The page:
Faced with a huge deficit and the need to act quickly, what should the Chancellor do? Of course we do not like the present tax system, which is a major cause of all the present problems. Cuts are part of the solution. But there is no gain if those who lose their jobs then spend months unproductively on the dole, and it could – probably will – lead to social unrest. The real problem, the one that has brought this dire situation about, is that we have taxed that which we ought not to have taxed, and left untaxed that which we ought to have taxed. But even within the limitations of the present tax system, there are things a Chancellor can do to help, and things that will make matters worse.
What he most definitely should not do is raise VAT. It is as much of a Jobs Tax as National Insurance, and can only push people out of work, which will also add to the government’s benefit bill. It will also mean that the government will have to put up benefits rates as these are linked to retail prices.
We suggest that the Chancellor begins with a bit of a tax cut, by raising thresholds for Income Tax and National Insurance to the equivalent of working a 40-hour week at the national minimum wage, on the principle that people earning subsistence wages should not have to pay tax. This was, after all, a Liberal Democrat manifesto committment, and it needs to be implemented as quickly as possible.
This of course, leaves the Chancellor short of cash, so what should he do? We do not support Income Tax, of course, but it is less harmful to set a higher rate of tax with a higher threshold, so we would raise the standard rate of income tax to compensate for the higher threshold. Paradoxically, by raising the threshold, more people would work, leading to a reduced benefits bill, more production and more tax income for the government. A virtuous circle.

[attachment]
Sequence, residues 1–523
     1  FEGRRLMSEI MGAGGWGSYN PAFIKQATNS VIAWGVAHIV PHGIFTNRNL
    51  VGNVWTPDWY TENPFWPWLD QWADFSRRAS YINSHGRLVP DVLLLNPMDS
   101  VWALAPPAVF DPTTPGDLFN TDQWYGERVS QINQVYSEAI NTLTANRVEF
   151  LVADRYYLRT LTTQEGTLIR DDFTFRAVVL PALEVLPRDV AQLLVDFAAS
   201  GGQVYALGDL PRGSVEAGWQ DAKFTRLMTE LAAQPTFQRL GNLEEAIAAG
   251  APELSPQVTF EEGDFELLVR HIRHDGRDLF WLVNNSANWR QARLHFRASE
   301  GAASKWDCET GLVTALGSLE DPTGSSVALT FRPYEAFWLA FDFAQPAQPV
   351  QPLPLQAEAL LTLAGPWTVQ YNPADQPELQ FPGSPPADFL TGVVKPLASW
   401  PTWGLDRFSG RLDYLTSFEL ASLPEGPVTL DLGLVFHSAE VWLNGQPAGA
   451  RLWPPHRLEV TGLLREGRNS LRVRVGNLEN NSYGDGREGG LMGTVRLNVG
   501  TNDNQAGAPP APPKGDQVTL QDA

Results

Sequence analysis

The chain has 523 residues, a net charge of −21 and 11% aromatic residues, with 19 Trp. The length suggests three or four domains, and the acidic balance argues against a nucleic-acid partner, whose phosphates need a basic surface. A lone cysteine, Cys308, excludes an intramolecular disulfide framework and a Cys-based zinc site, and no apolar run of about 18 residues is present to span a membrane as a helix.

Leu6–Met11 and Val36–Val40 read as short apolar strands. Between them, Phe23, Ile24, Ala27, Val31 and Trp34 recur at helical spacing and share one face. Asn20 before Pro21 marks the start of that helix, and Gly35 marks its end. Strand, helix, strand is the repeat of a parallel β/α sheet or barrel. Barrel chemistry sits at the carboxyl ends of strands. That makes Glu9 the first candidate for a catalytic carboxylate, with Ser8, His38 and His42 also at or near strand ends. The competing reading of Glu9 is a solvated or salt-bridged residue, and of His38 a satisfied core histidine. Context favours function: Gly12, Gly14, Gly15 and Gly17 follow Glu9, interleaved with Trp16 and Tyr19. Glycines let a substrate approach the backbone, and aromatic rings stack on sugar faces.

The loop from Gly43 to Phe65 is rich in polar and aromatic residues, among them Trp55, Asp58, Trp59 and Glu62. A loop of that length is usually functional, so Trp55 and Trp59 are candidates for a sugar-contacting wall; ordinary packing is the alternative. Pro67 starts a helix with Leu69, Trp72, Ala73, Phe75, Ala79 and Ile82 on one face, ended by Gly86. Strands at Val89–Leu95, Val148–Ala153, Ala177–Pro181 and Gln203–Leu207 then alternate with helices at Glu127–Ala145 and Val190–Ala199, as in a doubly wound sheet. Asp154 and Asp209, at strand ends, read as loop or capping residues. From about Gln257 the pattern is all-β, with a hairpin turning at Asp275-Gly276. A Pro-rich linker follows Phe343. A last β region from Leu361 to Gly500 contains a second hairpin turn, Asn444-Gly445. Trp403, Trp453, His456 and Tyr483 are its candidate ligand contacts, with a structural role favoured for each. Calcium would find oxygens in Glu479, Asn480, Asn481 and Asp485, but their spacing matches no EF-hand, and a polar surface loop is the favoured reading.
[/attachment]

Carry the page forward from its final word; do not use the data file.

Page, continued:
But for the present, the really big immediate opportunity for tax rises that would not harm the economy is through raising property taxes. We do not like the Council Tax, as it is the wrong sort of property tax, and it favours the top end of the market – the rate on band H properties is only three times that paid on band A, even though the top band properties are worth six times band A. By any standard, that is unfair and regressive, so there is scope for increasing this differential factor, gradually or in one go if necessary. This would be far less damaging than increasing Capital Gains Tax
Business rates could also go up, but the difficulty here is that upwards-only rent revision clauses prevents tenants from renegotiating, which means that significantly higher business rates could drive firms out of business. A small increase, however, might be feasible, but reform must wait for legislation that declares upward-only rent revision clauses illegal. This now applies to new leases in the Irish Republic, but the Labour government was going to introduce this legislation and then caved in to pressure from property owners.
Longer term, ie within a three-year period, no more, we would of course urge that the Chancellor switches to land value taxation for a substantial proportion of public revenue. This would put the government in a good position to repay debt without harming an economic recovery which will, at best be fragile.
This article was originally published on the Land Value Taxation Campaign site